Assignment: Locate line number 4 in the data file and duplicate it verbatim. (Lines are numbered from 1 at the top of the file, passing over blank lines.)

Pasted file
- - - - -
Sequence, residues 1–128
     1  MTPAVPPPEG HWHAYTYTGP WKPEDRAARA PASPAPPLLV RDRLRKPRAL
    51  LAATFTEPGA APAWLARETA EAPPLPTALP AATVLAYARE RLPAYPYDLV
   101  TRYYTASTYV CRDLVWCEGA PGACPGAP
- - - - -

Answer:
   101  TRYYTASTYV CRDLVWCEGA PGACPGAP